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Claim Construction Principles Revisited: Distinguishing Radios From Radiators

Ordinary meaning can limit features in claims to the features’ purpose and principal use, according to the Federal Circuit’s recent decision in Asetek Danmark A/S v. CMI USA Inc., No. 16-1026 (Fed. Cir. 2016).

Radio, ChipThe patents-in-suit are directed to systems and methods for cooling the “central processing unit (CPU) or other processing unit of a computer system” using cooling liquid.  The patents describe a system with an upper and lower chamber referred to as a “pump chamber” and “thermal exchange chamber,” respectively.  At issue was the accused infringer’s theory that the prior art’s disclosure of a “sucking channel” was a “thermal exchanger” as required by the claims because the sucking channel “exchanges some heat.”

As colorfully illustrated and explained at page 12 of the Slip Opinion, that argument won’t do:

No ordinary meaning or claim construction requires appellants’ conclusion that Koga’s “sucking channel” is a “thermal exchange chamber” simply because it exchanges some heat.  No meaning of the claim phrase precludes its limitation only to devices with certain device-defining characteristics such as purpose and principal use, excluding other structures that occasionally or in minor ways produce the same result—any more than a bedside plugin radio must be considered a room radiator because it unavoidably gives off some heat.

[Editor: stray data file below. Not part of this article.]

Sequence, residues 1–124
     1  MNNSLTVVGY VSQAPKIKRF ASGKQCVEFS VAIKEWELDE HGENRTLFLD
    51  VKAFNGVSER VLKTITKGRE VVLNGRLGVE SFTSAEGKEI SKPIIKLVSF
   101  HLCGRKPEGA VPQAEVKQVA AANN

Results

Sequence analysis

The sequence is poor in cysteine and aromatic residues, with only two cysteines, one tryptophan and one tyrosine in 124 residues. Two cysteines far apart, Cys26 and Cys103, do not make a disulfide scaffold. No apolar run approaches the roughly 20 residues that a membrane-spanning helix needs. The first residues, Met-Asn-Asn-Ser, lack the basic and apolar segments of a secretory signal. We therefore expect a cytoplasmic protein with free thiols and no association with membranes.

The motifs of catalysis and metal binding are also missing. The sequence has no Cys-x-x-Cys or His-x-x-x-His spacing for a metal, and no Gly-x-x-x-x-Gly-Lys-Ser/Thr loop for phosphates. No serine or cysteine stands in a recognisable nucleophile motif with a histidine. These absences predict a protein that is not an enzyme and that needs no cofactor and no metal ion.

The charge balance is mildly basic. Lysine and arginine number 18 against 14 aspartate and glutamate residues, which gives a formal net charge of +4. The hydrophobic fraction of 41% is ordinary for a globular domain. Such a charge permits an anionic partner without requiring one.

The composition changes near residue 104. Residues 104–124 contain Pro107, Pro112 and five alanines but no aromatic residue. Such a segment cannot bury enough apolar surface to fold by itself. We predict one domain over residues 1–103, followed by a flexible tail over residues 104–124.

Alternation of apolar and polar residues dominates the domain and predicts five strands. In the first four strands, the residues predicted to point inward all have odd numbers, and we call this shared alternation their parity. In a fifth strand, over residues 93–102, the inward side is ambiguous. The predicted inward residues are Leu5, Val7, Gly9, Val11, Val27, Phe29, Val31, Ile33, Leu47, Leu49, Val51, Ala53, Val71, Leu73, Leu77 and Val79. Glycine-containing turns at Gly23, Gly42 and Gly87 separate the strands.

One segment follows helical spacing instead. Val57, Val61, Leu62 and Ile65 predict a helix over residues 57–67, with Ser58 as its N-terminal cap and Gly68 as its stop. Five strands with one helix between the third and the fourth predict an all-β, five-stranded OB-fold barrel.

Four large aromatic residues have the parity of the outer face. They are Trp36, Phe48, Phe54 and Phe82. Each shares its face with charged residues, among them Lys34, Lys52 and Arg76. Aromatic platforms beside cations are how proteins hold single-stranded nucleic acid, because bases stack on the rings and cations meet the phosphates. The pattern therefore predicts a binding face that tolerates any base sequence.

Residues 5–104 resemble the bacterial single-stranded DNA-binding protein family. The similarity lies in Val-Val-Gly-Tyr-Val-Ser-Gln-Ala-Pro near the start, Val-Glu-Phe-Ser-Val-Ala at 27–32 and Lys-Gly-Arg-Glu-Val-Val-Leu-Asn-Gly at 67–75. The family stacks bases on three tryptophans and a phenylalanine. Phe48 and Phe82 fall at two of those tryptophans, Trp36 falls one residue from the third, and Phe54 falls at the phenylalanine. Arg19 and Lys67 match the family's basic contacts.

The Court’s opinion is necessarily limited to the facts at hand.  Nevertheless, this claim construction principle may help guard against the possibility of an Examiner or litigant offering a claim interpretation that would encompass structures that are not realistically comparable to the claimed invention.

© 2020 Covington & Burling LLPNational Law Review, Volume VI, Number 350

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About this Author

Peter Flanagan, International trade attorney, Covington
Partner

Peter Flanagan counsels clients on a broad range of compliance requirements affecting international trade and investment. These include most notably export controls, economic sanctions constraints, defense trade limitations, and the implications of related non-U.S. requirements. He also has experience in financial services regulation.

Mr. Flanagan has advised leading companies in the oil and gas sector, pharmaceutical and medical technology companies, defense contractors, manufacturing entities, financial institutions and private equity firms, software and high-...

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